The historic Grinnell Warehouse on 2003 Brooklyn was originally a warehouse for multiple businesses, including the Grinnell Brothers piano (and at one point electric car) manufacturers. The Grinnell Place Development company recently renovated the early 1900s building into the Grinnell Place Lofts. They have heavily promoted the connection to the piano manufacturers, even though the warehouse was not owned by Grinnell and it served multiple businesses. The warehouse does not show up on Sanborn Insurance Maps until 1921. According to these maps, the neighborhood was also densely populated in 1921, though with a different mix of uses than today. A Crowley, Milner, and Co. (A Detroit based department store) warehouse was located right next door to the Grinnell warehouse, and a furniture manufacturing plant was across the street. There was a taxicab company located nearby, along with residential housing. Today the area is a mix of residential housing, restaurants, and small businesses and is not too far from the remains of Tiger Stadium at 2121 Trumbull.
The Grinnells used it to store pianos that they manufactured in Holly until they had room to move them into their stores in and around Detroit. Grinnell pianos were only sold in Grinnell owned retailers, but that was not a problem as they had many stores in Detroit and Canada. The main office was located at 1515 Woodward, and the building still stands today. The company likely put their warehouse in Corktown because of the proximity to Michigan Central Station. It would have been a convenient place to store the pianos right next to a train station so they could be shipped easily from Holly and back out to stores. By 1966, Grinnell was the largest music company in the United States, but by 1977, most of the stores closed, and the company went bankrupt in 1981.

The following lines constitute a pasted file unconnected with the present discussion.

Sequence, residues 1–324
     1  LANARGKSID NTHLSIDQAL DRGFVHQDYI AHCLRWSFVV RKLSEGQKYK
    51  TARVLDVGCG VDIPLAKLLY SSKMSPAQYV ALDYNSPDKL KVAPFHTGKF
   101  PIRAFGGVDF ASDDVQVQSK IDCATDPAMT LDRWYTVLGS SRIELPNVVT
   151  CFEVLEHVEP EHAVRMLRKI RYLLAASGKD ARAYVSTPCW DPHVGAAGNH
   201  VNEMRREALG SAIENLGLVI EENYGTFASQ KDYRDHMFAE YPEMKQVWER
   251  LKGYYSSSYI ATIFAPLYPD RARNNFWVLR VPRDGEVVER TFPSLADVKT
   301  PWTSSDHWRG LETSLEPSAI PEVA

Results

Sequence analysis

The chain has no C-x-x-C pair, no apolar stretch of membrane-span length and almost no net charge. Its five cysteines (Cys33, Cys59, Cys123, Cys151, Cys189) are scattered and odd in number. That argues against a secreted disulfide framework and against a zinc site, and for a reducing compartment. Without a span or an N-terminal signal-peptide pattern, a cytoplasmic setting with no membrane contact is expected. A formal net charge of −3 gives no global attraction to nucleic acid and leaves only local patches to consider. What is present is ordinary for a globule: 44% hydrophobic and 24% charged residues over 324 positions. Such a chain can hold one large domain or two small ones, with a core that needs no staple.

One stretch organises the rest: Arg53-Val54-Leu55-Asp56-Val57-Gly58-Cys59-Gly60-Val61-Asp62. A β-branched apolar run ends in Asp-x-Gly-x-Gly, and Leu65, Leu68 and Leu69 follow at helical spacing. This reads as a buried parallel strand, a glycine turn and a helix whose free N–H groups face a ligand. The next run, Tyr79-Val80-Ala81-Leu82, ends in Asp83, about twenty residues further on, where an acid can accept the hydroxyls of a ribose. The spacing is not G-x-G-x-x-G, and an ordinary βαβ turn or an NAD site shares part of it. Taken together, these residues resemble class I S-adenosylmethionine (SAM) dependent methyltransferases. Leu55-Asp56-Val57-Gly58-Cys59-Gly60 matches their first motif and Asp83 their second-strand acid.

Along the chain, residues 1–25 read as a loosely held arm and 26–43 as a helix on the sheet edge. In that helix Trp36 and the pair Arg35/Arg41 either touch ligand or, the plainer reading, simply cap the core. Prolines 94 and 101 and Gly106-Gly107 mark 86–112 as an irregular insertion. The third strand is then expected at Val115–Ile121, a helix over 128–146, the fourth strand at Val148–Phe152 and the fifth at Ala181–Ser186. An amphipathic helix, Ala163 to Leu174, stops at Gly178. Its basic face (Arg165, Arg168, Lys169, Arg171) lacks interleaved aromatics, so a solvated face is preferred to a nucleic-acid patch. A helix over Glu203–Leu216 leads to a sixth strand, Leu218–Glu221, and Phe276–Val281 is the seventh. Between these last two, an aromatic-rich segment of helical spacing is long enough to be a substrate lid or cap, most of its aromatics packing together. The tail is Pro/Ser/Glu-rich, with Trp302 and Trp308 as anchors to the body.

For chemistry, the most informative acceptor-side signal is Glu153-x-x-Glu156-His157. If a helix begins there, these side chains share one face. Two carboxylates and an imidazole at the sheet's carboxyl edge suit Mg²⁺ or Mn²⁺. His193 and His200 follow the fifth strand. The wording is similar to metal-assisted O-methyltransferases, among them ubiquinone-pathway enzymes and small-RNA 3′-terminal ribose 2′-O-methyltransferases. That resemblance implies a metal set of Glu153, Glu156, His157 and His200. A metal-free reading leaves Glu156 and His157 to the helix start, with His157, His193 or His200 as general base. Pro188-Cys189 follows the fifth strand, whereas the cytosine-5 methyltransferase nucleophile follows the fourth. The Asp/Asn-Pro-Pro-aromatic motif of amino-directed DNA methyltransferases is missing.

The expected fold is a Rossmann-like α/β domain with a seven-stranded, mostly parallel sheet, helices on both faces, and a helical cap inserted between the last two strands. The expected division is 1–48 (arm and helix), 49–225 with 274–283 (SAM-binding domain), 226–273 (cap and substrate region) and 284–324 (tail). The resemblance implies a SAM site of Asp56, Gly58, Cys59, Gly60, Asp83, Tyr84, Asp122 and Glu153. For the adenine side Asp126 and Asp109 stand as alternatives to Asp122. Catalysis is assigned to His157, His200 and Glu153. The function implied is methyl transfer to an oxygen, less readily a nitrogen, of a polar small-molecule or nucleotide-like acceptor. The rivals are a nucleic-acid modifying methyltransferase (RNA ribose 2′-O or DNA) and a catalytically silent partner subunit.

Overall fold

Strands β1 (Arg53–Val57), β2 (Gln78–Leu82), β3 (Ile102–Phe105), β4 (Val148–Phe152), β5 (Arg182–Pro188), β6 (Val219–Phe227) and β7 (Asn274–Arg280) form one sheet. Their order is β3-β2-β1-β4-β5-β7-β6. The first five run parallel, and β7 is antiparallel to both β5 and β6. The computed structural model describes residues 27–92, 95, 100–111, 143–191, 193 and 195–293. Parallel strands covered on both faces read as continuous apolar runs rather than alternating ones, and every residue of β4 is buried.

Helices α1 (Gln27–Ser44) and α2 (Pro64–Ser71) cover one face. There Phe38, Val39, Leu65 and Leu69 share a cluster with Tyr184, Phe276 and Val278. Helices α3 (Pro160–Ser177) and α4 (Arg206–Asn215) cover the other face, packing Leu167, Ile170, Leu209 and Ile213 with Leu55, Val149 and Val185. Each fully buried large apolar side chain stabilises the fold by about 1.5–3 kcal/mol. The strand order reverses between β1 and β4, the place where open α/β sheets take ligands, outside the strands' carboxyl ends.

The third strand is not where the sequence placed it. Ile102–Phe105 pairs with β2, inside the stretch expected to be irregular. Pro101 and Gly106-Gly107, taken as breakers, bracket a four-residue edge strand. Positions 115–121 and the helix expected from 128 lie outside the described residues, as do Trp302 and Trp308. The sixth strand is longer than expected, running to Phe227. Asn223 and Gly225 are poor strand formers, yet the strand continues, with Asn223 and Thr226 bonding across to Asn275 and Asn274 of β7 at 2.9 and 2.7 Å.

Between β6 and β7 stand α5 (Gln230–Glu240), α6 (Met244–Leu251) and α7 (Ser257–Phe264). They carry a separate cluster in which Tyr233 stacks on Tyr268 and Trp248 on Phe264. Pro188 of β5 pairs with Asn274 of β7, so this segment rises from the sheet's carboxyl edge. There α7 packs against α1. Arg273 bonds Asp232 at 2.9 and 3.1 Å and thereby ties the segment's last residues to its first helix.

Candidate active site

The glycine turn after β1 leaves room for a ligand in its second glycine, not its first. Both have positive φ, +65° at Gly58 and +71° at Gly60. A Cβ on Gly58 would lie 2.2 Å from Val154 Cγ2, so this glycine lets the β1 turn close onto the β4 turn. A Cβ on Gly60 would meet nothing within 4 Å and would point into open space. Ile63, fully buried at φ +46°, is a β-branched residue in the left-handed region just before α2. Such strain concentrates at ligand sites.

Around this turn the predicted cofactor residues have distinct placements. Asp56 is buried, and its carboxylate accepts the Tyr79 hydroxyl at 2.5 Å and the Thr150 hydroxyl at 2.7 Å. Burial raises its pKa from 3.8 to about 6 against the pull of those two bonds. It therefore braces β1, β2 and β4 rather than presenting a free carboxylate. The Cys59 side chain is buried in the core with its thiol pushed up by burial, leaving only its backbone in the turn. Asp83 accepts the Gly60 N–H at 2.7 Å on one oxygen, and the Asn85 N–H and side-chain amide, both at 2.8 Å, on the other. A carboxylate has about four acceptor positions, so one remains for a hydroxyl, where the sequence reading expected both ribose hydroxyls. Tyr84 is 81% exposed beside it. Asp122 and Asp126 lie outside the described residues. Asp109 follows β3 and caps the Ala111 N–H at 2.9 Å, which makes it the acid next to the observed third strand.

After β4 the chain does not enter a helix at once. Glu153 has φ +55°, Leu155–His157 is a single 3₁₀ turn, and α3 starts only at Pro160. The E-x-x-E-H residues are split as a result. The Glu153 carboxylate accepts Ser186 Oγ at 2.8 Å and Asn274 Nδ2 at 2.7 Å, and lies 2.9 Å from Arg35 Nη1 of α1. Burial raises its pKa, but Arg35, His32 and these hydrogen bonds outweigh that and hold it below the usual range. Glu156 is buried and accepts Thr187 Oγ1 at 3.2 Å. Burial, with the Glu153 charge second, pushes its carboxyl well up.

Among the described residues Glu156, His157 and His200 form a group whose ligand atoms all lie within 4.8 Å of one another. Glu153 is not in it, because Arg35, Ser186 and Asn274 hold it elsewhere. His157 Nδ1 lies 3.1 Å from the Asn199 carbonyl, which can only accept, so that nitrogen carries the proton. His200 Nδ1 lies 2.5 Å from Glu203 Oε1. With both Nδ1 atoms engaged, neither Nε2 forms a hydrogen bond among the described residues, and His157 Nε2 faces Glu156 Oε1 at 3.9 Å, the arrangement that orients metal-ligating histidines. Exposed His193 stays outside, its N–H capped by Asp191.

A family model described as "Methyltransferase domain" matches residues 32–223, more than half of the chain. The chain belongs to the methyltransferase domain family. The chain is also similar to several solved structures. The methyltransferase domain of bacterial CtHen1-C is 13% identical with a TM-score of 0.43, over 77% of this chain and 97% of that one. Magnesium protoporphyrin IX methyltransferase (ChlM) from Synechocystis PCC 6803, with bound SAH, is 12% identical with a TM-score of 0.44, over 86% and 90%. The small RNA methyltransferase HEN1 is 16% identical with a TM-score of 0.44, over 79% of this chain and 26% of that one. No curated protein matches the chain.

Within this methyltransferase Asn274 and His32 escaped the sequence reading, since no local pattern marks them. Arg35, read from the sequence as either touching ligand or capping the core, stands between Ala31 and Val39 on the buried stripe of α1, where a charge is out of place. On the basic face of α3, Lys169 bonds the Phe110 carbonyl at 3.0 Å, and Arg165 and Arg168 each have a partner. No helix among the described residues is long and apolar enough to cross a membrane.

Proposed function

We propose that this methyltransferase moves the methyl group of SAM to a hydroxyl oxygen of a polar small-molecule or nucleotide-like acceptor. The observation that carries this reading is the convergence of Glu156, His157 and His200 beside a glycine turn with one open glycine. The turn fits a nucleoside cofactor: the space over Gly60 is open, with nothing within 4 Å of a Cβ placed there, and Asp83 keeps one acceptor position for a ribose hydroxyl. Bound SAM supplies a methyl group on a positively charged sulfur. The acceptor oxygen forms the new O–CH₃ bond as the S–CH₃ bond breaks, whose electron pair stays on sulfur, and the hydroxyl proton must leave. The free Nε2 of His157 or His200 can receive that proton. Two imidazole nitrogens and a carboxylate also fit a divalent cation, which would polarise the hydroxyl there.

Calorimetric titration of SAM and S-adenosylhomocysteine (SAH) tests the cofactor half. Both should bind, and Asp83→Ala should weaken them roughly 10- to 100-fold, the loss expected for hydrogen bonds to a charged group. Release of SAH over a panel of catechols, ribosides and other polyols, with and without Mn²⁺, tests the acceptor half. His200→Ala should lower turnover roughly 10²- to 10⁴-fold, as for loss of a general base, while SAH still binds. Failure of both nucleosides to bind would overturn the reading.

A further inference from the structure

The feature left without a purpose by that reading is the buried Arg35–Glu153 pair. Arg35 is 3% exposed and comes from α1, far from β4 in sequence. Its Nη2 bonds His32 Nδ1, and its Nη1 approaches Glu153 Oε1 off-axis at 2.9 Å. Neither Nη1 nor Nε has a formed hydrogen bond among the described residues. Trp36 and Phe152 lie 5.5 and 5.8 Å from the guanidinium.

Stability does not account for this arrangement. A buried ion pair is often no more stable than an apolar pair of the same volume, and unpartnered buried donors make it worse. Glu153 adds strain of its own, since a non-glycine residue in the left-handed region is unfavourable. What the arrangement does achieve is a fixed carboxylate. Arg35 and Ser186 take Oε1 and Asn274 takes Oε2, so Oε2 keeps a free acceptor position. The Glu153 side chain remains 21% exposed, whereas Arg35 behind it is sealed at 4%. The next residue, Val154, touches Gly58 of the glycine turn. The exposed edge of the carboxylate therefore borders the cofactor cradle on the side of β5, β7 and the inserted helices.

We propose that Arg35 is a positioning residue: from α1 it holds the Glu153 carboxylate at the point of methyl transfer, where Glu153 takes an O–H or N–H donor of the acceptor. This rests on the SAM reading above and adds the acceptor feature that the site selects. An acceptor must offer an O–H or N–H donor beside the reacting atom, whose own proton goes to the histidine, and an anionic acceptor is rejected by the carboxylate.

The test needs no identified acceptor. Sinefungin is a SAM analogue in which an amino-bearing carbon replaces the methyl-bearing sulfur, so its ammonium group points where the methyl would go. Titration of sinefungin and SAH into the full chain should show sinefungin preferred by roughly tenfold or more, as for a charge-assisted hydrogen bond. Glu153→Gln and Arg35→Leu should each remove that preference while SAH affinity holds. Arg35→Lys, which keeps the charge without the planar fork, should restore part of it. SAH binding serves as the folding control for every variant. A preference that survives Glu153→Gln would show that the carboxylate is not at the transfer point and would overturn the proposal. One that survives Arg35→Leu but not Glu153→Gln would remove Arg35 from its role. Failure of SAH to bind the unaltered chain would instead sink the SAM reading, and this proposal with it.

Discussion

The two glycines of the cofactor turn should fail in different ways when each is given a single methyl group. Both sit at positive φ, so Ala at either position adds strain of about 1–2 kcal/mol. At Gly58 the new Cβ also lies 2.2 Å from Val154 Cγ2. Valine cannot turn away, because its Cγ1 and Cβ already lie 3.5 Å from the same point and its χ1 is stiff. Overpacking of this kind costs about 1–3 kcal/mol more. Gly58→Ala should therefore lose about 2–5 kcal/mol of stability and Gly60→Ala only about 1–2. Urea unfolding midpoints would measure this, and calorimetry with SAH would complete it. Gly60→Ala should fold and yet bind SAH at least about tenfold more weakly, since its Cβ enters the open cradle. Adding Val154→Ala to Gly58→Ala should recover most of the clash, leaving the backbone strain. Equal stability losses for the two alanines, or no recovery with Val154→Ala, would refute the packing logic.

The Grinnell brothers entered the business world in 1871 selling organs and sewing machines, but the business really took off once they started manufacturing pianos in 1902. They began with grand pianos and uprights, but eventually started favoring spinets. In an advertisement, they explain this change: “gone are the days of garrish bulk.” They started making smaller and easily movable spinets in order to reduce bulk and accommodate modern homes. Though the Grinnell Place Lofts no longer store pianos, this advertisement is important to the archaeology of the building and company. It indicates that Grinnell was advertising to people living in smaller homes without a dedicated space for a large piano. Their economical price and scale meant they were available to more people than just wealthy people in large homes. People in smaller homes and apartments could now own a piano. Perhaps some of the dwellers in the Grinnell Place Lofts have spinet style pianos.
The history of the Grinnell Place Lofts building might be less exciting than other music manufacturing related buildings in Detroit, but it is important because unlike other a lot of buildings, this one was restored and is currently in use. Detroit is too well known for abandoned buildings and vacant lots, but this building was restored and is fully occupied by residents. Currently, and contrary to national news reports about Detroit, the Corktown neighborhood is a economically viable and densely populated area with many restored historic buildings.